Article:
Katharine Parr: the Sixth Wife

Katherine Parr is best-known as the one who 'survived' marriage to Henry VIII. She was the last of his wives, and had the luck, the skill, or both, to avoid the fate of the previous five – who variously were divorced, beheaded or died. But there is much more to Katherine’s story than this. She was an intellectual, a published author and the first Queen of England to be buried as a Protestant. Following Katharine of Aragon’s notable performance as Regent of England, Katherine was also the only one of Henry’s subsequent five wives that he entrusted again with the role.

In Katharine Parr: the Sixth Wife, the final novel of her Six Tudor Queens series, Alison Weir creates a well-rounded portrait of a lively, intelligent, courageous, and passionate woman. The dramatic events in Katherine’s life need no embellishment - from the happy early years with her siblings and cousins in her uncle’s household, through the turbulent events of the Pilgrimage of Grace to life at the very centre of Henry VIII’s court, followed by its abrupt ending – to create a great story, as Weir does.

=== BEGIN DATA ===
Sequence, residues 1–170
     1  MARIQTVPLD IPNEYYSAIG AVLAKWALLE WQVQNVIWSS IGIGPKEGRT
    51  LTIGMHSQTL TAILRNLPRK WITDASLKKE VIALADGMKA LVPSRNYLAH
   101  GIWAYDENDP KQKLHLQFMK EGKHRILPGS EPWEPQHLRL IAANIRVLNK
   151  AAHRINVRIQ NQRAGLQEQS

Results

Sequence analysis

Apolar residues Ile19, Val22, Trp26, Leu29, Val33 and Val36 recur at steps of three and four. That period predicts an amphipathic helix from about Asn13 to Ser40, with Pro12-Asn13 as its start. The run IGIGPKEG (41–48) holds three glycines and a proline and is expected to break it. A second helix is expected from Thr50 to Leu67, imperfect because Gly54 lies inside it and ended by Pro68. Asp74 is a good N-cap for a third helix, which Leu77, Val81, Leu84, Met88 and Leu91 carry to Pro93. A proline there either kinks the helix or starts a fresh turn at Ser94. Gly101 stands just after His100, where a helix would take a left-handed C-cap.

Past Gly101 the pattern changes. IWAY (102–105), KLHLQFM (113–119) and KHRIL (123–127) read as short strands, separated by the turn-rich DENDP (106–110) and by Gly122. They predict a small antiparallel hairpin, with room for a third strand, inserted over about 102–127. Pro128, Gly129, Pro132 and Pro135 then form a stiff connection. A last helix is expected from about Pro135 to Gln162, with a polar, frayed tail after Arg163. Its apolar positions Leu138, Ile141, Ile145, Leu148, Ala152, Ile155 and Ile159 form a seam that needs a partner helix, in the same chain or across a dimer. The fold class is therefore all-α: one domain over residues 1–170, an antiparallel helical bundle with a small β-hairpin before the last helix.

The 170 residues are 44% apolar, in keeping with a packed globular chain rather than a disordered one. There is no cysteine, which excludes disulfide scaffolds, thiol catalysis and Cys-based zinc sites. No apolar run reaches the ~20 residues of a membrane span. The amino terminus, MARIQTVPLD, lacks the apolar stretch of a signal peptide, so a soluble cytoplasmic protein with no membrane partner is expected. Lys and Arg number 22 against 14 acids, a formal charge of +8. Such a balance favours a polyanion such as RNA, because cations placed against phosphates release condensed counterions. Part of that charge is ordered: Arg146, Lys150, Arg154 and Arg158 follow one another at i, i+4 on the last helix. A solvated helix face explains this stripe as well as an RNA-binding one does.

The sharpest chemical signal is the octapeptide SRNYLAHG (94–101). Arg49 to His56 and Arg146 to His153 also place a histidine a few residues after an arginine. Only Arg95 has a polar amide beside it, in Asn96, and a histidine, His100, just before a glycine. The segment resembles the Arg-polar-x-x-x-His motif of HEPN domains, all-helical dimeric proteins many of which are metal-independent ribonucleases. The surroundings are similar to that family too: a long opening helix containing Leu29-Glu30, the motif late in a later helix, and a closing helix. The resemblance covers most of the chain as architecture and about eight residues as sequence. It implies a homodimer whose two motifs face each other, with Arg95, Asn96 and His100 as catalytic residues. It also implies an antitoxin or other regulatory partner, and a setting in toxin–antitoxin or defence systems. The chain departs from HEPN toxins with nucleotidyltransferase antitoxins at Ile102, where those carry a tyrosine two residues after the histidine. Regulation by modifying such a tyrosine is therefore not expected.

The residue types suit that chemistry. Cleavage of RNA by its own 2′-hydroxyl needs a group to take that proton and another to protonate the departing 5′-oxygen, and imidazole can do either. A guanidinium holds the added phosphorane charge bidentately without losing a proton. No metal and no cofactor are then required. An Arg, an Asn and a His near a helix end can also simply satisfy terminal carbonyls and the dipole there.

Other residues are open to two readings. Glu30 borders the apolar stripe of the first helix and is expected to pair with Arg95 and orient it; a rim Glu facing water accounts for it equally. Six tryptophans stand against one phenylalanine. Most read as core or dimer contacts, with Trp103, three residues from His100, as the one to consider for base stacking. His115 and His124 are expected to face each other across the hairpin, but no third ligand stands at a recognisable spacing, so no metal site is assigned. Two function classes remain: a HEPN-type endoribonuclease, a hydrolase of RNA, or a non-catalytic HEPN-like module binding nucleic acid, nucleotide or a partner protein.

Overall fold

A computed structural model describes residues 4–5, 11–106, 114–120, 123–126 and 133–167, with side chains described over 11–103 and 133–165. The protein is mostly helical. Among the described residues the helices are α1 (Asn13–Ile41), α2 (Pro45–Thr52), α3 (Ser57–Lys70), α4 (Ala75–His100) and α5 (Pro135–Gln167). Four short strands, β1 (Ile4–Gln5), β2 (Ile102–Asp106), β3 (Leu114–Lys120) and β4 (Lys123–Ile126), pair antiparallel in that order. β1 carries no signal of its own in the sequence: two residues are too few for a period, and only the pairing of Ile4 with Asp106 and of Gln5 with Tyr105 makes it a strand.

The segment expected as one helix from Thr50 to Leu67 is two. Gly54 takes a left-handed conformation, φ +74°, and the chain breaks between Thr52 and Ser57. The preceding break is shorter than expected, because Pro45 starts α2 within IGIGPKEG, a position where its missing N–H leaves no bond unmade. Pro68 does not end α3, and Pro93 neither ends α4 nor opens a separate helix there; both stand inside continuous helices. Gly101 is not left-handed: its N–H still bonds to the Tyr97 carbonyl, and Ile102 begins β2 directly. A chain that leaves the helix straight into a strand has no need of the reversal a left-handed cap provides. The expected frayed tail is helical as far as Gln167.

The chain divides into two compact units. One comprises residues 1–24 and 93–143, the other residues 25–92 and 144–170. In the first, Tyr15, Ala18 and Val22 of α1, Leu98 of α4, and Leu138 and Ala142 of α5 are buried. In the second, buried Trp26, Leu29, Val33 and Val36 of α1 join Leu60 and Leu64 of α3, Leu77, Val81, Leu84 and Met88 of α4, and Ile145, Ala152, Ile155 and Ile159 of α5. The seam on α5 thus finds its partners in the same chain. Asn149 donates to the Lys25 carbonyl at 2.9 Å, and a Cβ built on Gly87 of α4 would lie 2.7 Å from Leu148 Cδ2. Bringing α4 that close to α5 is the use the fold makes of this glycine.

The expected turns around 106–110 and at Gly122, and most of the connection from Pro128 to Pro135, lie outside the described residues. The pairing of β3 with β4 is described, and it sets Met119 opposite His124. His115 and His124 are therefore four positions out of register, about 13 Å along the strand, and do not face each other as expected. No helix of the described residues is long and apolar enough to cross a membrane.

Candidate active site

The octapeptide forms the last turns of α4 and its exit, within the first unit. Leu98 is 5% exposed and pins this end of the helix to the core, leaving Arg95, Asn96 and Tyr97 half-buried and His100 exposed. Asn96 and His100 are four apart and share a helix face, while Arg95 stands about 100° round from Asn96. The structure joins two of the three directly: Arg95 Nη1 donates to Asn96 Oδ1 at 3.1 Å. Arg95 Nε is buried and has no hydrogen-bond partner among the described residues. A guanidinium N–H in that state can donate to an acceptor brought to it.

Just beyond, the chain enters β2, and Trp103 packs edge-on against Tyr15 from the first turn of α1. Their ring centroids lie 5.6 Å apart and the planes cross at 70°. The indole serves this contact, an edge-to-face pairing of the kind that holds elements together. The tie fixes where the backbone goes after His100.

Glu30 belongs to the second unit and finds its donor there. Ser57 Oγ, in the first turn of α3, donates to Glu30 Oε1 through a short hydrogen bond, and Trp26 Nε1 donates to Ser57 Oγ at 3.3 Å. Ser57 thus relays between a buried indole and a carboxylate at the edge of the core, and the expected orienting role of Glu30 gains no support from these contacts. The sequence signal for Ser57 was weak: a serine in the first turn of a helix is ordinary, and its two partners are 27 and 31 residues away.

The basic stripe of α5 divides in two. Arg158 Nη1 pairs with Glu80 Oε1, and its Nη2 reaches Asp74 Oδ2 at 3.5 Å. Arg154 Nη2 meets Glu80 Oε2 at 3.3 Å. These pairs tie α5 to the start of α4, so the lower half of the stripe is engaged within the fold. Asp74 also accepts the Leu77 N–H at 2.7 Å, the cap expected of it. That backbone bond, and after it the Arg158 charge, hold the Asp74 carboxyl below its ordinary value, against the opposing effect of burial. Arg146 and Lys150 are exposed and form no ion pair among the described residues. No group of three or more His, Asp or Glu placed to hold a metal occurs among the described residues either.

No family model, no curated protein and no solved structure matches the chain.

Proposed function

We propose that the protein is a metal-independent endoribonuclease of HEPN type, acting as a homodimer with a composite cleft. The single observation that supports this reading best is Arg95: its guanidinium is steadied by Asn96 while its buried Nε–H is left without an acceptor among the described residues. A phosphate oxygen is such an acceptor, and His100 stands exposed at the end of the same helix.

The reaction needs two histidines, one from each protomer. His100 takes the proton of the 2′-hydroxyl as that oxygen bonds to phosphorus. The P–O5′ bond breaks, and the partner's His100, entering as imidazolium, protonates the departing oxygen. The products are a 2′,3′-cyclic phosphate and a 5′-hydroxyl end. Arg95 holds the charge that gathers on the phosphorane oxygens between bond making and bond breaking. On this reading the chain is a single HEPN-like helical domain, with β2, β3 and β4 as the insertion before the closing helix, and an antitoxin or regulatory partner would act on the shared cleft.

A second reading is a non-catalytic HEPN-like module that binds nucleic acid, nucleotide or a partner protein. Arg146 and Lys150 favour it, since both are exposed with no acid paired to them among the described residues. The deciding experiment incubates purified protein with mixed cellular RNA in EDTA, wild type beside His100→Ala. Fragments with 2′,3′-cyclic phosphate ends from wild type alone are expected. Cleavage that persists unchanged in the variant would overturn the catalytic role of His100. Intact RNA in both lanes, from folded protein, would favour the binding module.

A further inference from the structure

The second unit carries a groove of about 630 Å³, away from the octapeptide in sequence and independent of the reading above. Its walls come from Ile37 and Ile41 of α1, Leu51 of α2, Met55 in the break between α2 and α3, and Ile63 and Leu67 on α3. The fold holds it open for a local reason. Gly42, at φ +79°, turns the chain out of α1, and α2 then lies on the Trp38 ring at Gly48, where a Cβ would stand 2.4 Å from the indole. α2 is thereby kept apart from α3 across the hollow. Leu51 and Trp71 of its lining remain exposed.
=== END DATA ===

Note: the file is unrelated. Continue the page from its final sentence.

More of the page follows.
Katherine’s close relationships with her brother, William Parr, and sister, Anne Parr, and later her five stepchildren, form a central theme throughout the book, as does the importance of Katherine’s faith, and her developing Reformist beliefs. Weir deftly draws out the necessary details of the profound religious changes of the period, without overwhelming the reader or impeding the pace of the story.

She also captures the complexity of Katherine’s relationship with her third husband, Henry VIII. He was clearly fond of Katherine, and recognised her strengths as queen-consort, but was equally capable, as demonstrated twice previously, of sanctioning her death. Weir also powerfully evokes the visceral fear that Katherine must have felt when she realised that, due to the machinations of the Catholic faction at court, she was about to follow the same brutal path as two of her predecessors.

It is easy, in these circumstances, to understand why, following Henry’s death in early 1547, Katherine seized the chance for happiness, with her secret marriage to Sir Thomas Seymour. And it makes it even more tragic then, that, rather than a fairy-tale ending, her final year was marred by Seymour’s inappropriate behaviour with her stepdaughter, the Lady Elizabeth, and then so cruelly cut short, following the birth of her first child.

I have thoroughly enjoyed all the novels in the Six Tudor Queens series but this one is, I think, my favourite.

Tudor Times received a copy from the publisher for review purposes.